Everyone loves the idea of a new car: shiny, just off the factory line, complete with the ever-present new car smell. But not everyone can afford or even wants a new car. According to researchers at McKinsey & Co., about 40 million used cars are sold in the United States each year. That's a lot of transactions.
Given the size of the market, you might rightfully ask: How are used cars priced? It's more than just an academic exercise. Understanding the factors that go into the pricing of used cars will make you a smarter shopper, giving you insights into the best times to buy, how much you can expect to spend, how to value your current used car, and more.
How are Used Car Prices Determined?
A basic principle of markets says that a product is worth whatever someone is willing to pay for it. This holds true for used cars. But sellers need to have a grasp of the variables to decide whether to take out the checkbook. Here are some factors that determine the market price of used cars, according to Investopedia:
- Drive time. As a general matter, the more miles you put on a car, the lower its resale value is going to be. It means that the car has had more time to be exposed to environments and conditions that can take a toll on its useful life, such as driving through inclement weather, over dirt roads and potholes, on highways and city streets, up steep hills, and around hairpin curves. It stands to reason that a car with 35,000 miles is going to command a higher price than one with over 100,000 miles.
- Condition. Don't immediately judge a car by its speedometer only. Low-mileage cars can have problems such as worn seats, scratches, dents, rust, and other issues that will push down the car's price tag. Conversely, high-mileage cars that have avoided accidents and been exceptionally well taken care of over the years, might be priced higher than you expect.
- Location, location, location. The U.S. economy comprises smaller regional economies with different factors that impact supply and demand. Four-wheel-drive SUVs will be more in demand in snowy, hilly areas in the northeast, for instance. But convertibles or sports cars will get more interest, and thus a higher price, in warmer parts of the country.
- Options and configurations. Cars that lack convenience items such as air-conditioning or power windows will be less in demand and therefore have a lower price. In contrast, cars with extra items such as a moon roof, a high-quality sound system, or extra safety features may get more interest from the market and command a higher price.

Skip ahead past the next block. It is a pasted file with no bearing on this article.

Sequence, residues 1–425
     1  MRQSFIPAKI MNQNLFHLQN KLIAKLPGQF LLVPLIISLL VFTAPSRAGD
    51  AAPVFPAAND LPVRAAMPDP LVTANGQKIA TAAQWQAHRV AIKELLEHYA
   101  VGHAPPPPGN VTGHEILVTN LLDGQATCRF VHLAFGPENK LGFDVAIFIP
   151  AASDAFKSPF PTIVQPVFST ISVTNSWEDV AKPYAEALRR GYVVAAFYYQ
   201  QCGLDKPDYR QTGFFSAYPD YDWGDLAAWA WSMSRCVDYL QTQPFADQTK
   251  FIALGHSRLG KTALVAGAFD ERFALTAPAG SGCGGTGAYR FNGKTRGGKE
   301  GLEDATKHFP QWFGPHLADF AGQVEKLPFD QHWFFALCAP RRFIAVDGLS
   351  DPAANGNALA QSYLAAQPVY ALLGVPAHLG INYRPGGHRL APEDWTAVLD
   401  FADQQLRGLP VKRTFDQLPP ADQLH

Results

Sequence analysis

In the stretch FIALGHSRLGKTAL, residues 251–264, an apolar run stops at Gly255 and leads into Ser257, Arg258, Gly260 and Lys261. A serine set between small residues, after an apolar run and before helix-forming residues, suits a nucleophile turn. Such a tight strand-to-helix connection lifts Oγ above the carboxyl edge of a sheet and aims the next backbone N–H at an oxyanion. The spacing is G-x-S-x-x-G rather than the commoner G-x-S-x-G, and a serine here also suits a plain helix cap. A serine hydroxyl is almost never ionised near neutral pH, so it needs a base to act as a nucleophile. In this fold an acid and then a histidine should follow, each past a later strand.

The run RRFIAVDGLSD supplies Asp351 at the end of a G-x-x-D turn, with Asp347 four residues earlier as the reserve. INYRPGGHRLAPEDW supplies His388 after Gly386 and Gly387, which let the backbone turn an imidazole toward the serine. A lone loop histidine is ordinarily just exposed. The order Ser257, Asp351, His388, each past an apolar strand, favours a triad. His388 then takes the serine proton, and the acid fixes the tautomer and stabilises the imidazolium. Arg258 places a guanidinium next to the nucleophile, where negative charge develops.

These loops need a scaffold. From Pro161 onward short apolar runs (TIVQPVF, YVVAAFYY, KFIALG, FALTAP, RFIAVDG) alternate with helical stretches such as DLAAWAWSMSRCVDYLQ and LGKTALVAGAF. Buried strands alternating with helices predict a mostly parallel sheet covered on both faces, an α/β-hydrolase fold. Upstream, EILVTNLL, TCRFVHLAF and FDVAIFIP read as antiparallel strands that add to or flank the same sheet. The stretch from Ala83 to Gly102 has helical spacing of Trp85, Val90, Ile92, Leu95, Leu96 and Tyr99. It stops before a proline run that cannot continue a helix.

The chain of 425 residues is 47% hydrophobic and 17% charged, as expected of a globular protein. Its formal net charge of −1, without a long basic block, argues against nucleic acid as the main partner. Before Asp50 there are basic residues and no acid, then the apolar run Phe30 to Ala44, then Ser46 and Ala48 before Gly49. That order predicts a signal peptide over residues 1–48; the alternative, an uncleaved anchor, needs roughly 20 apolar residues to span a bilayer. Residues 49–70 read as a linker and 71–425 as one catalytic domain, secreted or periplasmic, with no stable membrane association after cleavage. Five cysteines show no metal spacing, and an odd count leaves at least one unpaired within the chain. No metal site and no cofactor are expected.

What's the Best Time to Buy a Used Car?
The calendar also plays a role in determining the prices of used cars. Certain times of year are potentially better than others to get a good deal. For instance, the transition from one model year into the next typically draws many new car buyers into the market. That may result in a flood of trade-ins becoming available at one time. A sudden influx of used cars will translate into lower prices as dealers seek to draw more buyers.
Holidays are another time of year to be on the lookout for lower used car prices. President's Day in February, for instance, is often associated with big sales at car dealerships. But other holidays, such as July Fourth and Labor Day, also can trigger specials on used cars.
Used car prices may also be sensitive to the financial calendar of the dealer. Approaching the end of a fiscal year, a dealer may be looking to meet financial targets and adjust prices accordingly. The same could happen at the end of a quarter, which is when dealers look to tally their results from the prior three months.
How to Do Your Research
The factors that influence the prices of used cars do not operate in isolation. Markets are dynamic; prices change regularly as supply and demand fluctuate. In the connected age, buyers and sellers have more information than ever before about the nature of the used car market.
So it's wise to do your research whenever you are considering buying a used car. The information can help give you the confidence that you're getting a fair price. But it can also help when it comes time to negotiate a value for your trade-in.
One of the best sources of information on used car values is the Kelley Blue Book. This publication contains information based on data from thousands of new and used car purchases a week. The data comes from a range of sources, such as party-to-party sales, auctions, dealer sales, and more.
Edmunds is another popular source of data and information about used cars, providing reviews as well as data on sales and other market forces shaping prices. Also consider consulting the National Automotive Dealers Association, Consumer Reports, and VMR Auto Guides. Sometimes consulting more than one source is valuable to account for differences in data collection.
Shop for Your Next Used Car at CarSmart of Farmington
At CarSmart of Farmington, Missouri, you can count an outstanding selection of cars with fair and consistent pricing. We offer models from all the major manufacturers, including Acura, Audi, Cadillac, Chevrolet, Chrysler, Kia, Nissan, Porsche, Toyota, Volkswagen, and more. Search our site by make, model, mileage, or other variables to find the car that fits your needs.
Our focus at CarSmart is on redefining the car-buying experience. We know our customers have choices, and they also have more information available to them than ever before, so we strive to be open, honest, fair, and fun. You can expect to receive customized sales promos that apply to the exact vehicle that interests you and access online tools that calculate trade-in appraisals and give Kelley Blue Book values.
Our motto makes it clear: CarSmart. It's not rocket science! Call us or contact us online to make an appointment for a test drive. We'd love to see you!.